In history, units of mass have come in incredible variation. When people came up with the idea of packing goods into tons, there was a long and a short ton. Logically, the long one could fit a bit more merchandise. Later, someone had the brilliant idea of using these tons as unit for mass! Of course, it's crazy to use the appendix “long” and “short” for mass, when these words really imply distance… but to this very day some stupid people use them.
A particularly funny chapter is measurement of power. People love animals, and they specially love to make them work. So, power was often expressed in relation to the amount of it that could be gotten from common farm animals: oxen, goats, cows, horses, donkeys. Despite oxen being so very common as work animals, the oxpower never really became well known. Instead, the horsepower won as the most used unit, with donkeypower being a close second for some time, but later falling out of favor. Of course, horses vary in size and strength… and the world got several different definitions of the horsepower. The French even had a steam horse (cheval vapeur), if you can imagine such a thing, and this poor steam horse varied greatly in size: When it was used to specify the power of an engine for a sales argument, it was about the same size as an average non-French horse, but when it came to paying car taxes, which were calculated according to the amount of steam horses the car had, these poor beasts were inflated about 13-fold, by tricks even taking into account the shifts the car had. Imagine those poor blown up horses! Maybe that's why they called them steam horses? Because they were inflated with very high steam pressure, and after having paid the taxes, the steam could be condensed and the steam horse conveniently collapse again to a nice compact size?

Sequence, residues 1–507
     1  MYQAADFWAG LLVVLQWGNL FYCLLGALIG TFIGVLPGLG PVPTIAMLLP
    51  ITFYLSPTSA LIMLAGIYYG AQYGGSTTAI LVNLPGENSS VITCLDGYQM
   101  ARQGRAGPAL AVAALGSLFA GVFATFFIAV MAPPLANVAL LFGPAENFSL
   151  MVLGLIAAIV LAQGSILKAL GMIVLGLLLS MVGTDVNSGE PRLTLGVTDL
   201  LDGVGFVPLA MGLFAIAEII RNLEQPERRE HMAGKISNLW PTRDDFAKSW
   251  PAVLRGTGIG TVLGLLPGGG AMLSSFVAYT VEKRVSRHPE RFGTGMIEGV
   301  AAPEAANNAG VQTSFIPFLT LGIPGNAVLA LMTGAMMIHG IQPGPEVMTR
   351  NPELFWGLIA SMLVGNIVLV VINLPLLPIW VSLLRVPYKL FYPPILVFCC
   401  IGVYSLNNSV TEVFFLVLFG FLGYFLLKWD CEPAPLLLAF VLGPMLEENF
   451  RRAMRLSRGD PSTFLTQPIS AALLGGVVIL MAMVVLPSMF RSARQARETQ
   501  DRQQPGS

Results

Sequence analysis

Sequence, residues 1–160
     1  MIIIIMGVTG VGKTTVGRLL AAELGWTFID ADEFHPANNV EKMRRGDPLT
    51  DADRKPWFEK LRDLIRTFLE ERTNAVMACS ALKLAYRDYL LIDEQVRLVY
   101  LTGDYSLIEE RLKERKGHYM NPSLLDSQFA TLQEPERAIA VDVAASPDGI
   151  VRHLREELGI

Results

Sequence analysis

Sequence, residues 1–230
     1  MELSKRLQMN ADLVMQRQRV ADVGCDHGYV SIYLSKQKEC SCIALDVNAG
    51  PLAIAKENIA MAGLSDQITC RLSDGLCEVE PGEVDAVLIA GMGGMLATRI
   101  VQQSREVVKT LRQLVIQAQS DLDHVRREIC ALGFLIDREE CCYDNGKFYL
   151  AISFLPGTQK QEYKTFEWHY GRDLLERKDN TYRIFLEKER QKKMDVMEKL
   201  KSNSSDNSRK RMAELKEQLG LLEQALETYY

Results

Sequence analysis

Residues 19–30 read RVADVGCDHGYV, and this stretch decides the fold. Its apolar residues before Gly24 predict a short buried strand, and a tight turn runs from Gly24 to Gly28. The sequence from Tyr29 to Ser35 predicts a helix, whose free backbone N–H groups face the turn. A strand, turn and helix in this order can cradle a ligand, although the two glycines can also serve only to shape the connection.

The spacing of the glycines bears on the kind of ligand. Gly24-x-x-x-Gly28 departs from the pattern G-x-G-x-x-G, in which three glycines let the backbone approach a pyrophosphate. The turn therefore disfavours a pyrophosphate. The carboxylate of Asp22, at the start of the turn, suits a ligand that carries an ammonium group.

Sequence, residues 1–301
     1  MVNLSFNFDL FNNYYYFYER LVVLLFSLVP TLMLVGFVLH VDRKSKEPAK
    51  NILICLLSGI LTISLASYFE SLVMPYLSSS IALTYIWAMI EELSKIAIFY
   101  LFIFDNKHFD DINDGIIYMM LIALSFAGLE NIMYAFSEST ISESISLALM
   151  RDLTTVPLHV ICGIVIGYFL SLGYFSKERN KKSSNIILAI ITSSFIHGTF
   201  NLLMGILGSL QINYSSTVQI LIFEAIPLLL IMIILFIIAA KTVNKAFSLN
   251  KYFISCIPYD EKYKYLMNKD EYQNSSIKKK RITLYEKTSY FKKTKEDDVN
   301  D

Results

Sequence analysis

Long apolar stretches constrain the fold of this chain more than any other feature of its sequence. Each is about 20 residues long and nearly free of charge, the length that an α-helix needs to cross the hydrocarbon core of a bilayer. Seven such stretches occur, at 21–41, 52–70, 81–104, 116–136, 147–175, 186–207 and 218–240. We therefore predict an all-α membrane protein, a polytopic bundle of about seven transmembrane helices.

I can understand that when Daimler built his first engine to be used on a vehicle, he rated it in horsepower, so as to give an idea how many horses that device could replace. After all, his vehicle wasn't much different from a horse-drawn cart! Same thing for a steam engine intended to replace horses at a British coal mine water pump. But it's beyond me how a pilot can feel comfortable thinking about his aircraft engine in terms of horsepower! I mean, 180 horses cannot make a Cessna fly!!!  If at least the good folks at Lycoming would use pegasuspowers to rate their engines!

Heat power was measured in calories per minute, or British Thermal Units per hour, or any of many other measures. Of course, heat power or any other sort of power can share a single unit, and thus the power of a lamp or an engine could also be stated in these units! More confusion, because some people took for granted that a calorie was a certain amount of heat, while in truth it's a certain amount of energy of any sort! Moreover, since a calorie is a small unit and it's usually more practical to measure in kilocalories, some creative people came to call a kilocalorie a “large calorie”, and often shortened this simply to “calorie”! At least, that's what I was told by an editor from the National Geographic Magazine. I had a little fight with them over this issue, some years ago, when I complained about a factor 1000 mistake in their article about nutrition, and they told me they used the word “calorie” in its meaning of “large calorie”, which is in fact “kilocalorie”! Go figure, once again! I found their reply folkloric and extremely unsuitable for a pseudoscientific magazine, to say the least…